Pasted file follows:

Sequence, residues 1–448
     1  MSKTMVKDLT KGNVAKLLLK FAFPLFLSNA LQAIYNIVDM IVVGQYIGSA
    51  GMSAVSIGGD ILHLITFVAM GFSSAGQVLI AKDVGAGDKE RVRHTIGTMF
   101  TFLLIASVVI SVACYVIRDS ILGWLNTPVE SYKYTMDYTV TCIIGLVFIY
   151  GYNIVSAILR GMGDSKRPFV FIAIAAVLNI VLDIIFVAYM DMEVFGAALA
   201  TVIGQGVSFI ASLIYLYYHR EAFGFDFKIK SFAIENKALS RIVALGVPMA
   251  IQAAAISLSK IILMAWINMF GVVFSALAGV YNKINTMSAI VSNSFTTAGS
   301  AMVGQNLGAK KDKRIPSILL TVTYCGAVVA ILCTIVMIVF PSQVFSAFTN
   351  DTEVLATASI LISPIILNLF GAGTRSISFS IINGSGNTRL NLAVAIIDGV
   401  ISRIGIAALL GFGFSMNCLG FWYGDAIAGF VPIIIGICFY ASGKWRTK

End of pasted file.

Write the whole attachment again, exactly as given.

Sequence, residues 1–448
     1  MSKTMVKDLT KGNVAKLLLK FAFPLFLSNA LQAIYNIVDM IVVGQYIGSA
    51  GMSAVSIGGD ILHLITFVAM GFSSAGQVLI AKDVGAGDKE RVRHTIGTMF
   101  TFLLIASVVI SVACYVIRDS ILGWLNTPVE SYKYTMDYTV TCIIGLVFIY
   151  GYNIVSAILR GMGDSKRPFV FIAIAAVLNI VLDIIFVAYM DMEVFGAALA
   201  TVIGQGVSFI ASLIYLYYHR EAFGFDFKIK SFAIENKALS RIVALGVPMA
   251  IQAAAISLSK IILMAWINMF GVVFSALAGV YNKINTMSAI VSNSFTTAGS
   301  AMVGQNLGAK KDKRIPSILL TVTYCGAVVA ILCTIVMIVF PSQVFSAFTN
   351  DTEVLATASI LISPIILNLF GAGTRSISFS IINGSGNTRL NLAVAIIDGV
   401  ISRIGIAALL GFGFSMNCLG FWYGDAIAGF VPIIIGICFY ASGKWRTK